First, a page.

Why are news outlets using the phrase “underage women” when the 14-page indictment against Jeffrey Epstein does not include the words “woman” or “women”? Why is “sex with minors” being used instead of “assault” or “rape”? Why are major networks using file photos that depict Epstein as “financier” rather than as accused sex trafficker? Could newsrooms be sanitizing truth, revealing bias or social privilege?
As the video shows, reporters and television anchors have been using the term “underage women” to such extent that their outlets are being called out for bias. The origin of the term is mystifying in as much as the indictment against Jeffrey Epstein uses “underage” three times (“underage victims” once and “victims were underage” twice). It does not use the term “woman” or “women”; it uses “girl” or “girls” (often in the phrase “minor girls”) 21 times.
Viewing these reports, one has to wonder whether reporters have read the indictment that details charges against Epstein in stark terms. Consider the opening salvo by the Southern District of New York:
(Sex Trafficking Conspiracy) The Grand Jury charges: OVERVIEW
1. . As set forth herein, over the course of many years, JEFFREY EPSTEIN, the defendant, sexually exploited and abused dozens of minor girls at his homes in Manhattan, New York, and Palm Beach, Florida, among other locations.
Another example of media bias involves headshots (not mugshots) of Epstein downloaded from Internet that portray him as a professional of high social standing. When you search his name on Google, you get this headshot (as of July 14):
Here is a July 12 example juxtaposed to a mugshot in an ABC News report to show the difference in portrayals. The photo on the left was used in a segment about President Trump’s then Labor Secretary Alex Acosta who negotiated a lenient deal for Epstein in 2008 when Acosta was the U.S. attorney for Southern Florida. (Acosta resigned because of that involvement.)
Lapses such as “underage women” tarnish journalism, fueling charges of elitism and media bias. This is especially unfortunate in light of stellar investigative reporting by Julie K. Brown of The Miami Herald, which exposed “the deal of a lifetime.” Some 11 years ago, Epstein could have spent the rest of his life in prison for sex crimes against children; instead, he would serve 13 months in a county jail with special privileges, such as going to his office six days a week.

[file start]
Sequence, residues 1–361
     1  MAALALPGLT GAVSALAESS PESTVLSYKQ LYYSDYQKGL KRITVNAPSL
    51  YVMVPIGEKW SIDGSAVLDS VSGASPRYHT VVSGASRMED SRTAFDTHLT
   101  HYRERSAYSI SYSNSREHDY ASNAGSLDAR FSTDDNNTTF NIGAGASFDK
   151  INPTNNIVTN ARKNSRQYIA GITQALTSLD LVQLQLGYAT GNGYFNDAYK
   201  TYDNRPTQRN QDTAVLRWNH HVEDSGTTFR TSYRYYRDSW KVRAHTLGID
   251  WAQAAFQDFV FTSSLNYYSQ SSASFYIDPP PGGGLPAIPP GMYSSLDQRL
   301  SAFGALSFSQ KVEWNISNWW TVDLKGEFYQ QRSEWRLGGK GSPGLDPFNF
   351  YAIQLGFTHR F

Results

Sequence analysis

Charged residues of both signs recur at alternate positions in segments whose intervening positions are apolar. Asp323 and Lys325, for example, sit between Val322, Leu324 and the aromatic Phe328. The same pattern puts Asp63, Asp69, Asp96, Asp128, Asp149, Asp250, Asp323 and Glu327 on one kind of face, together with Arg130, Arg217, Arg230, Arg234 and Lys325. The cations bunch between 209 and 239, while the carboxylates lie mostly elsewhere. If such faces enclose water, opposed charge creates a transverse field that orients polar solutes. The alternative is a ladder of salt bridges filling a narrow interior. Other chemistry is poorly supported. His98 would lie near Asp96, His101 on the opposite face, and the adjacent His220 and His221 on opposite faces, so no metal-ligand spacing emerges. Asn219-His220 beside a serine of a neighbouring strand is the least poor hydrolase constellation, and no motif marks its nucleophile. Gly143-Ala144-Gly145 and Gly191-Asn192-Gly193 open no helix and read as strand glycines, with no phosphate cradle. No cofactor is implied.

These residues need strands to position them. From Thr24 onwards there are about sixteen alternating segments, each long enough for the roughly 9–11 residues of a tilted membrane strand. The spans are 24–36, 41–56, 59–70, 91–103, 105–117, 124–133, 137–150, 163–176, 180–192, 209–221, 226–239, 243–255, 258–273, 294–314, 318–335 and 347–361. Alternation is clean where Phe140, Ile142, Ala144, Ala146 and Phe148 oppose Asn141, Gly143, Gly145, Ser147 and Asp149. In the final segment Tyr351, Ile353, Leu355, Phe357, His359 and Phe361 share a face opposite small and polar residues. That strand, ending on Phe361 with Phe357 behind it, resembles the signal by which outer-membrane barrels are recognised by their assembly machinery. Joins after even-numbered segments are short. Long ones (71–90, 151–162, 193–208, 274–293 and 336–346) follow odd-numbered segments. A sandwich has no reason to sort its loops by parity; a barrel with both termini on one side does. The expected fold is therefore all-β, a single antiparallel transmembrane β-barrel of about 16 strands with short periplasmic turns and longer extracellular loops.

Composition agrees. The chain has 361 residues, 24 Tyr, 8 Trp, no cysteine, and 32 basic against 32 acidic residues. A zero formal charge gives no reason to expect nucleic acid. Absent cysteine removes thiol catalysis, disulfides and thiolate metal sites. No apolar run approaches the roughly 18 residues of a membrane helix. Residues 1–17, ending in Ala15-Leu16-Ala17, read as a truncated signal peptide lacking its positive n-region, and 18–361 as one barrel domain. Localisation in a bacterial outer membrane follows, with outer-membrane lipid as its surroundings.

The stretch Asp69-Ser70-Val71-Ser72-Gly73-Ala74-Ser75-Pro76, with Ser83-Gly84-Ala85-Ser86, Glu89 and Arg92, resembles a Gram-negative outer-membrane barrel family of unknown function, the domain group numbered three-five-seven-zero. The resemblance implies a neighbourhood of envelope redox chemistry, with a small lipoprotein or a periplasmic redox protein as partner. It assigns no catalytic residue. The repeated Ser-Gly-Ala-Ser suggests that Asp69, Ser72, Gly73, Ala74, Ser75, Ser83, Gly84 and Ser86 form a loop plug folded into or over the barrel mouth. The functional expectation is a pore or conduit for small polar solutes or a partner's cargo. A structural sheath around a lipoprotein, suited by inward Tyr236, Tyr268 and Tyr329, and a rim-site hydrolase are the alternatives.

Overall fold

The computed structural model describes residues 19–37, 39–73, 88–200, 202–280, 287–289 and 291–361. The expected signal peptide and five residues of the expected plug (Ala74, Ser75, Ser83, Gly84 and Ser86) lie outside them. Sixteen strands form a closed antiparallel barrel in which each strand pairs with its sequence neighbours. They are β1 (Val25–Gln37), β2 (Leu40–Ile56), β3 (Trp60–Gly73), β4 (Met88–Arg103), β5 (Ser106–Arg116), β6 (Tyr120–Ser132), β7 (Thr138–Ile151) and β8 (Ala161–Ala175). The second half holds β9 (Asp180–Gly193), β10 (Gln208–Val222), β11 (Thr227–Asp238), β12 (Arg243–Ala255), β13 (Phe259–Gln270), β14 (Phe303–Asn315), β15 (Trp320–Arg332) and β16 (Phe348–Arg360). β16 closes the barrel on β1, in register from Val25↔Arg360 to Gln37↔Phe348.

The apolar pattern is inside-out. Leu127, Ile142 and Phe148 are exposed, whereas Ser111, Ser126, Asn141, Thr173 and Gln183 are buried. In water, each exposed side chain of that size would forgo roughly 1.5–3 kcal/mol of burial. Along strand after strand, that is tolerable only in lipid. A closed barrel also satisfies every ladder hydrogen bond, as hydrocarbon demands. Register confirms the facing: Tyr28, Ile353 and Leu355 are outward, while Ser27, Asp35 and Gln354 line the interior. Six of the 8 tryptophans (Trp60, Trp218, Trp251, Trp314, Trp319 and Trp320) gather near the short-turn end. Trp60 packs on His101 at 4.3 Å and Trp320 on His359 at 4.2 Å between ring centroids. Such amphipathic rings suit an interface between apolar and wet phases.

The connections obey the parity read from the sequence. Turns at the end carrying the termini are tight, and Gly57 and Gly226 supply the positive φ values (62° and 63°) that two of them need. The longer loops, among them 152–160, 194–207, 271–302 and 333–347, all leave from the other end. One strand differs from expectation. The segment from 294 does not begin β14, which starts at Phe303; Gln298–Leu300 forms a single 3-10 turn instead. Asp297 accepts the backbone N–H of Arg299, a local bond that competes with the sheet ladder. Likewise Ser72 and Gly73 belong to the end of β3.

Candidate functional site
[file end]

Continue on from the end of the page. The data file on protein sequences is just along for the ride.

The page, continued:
Living Media Ethics has a chapter on latent triggers that influence perception, such as upbringing, social standing, personal and generational experiences and education. The chapter also explicates words and phrases like “underage women,” indicating personal bias and tainting the news.
Such phrases often involve social mores, or what a society believes to be true in a certain point in time in a given culture. Applied to the Epstein case, some segments may find it difficult to believe that a successful financier–as depicted in file photos–can commit lurid crimes involving the enticement and recruitment of girls to engage in illicit sex acts.
In the days following reports about Acosta and Epstein, sexual assault survivors have used social media to inform journalists about bias. In a report by USA Today, titled “Has the media ‘sanitized’ the accusations against Jeffrey Epstein?,” the newspaper notes: “The media has been blasted for using terms such as “underage women” instead of “children,” for saying “sex with minors” instead of “rape,” for using the phrase “paid for sex,” which they say erases coercion.”
It is incumbent upon journalists to read indictments carefully, download or access photos that suit the occasion or crime, be sensitive to how reports affect survivors, and correct language that slants the story or indicates personal or social bias.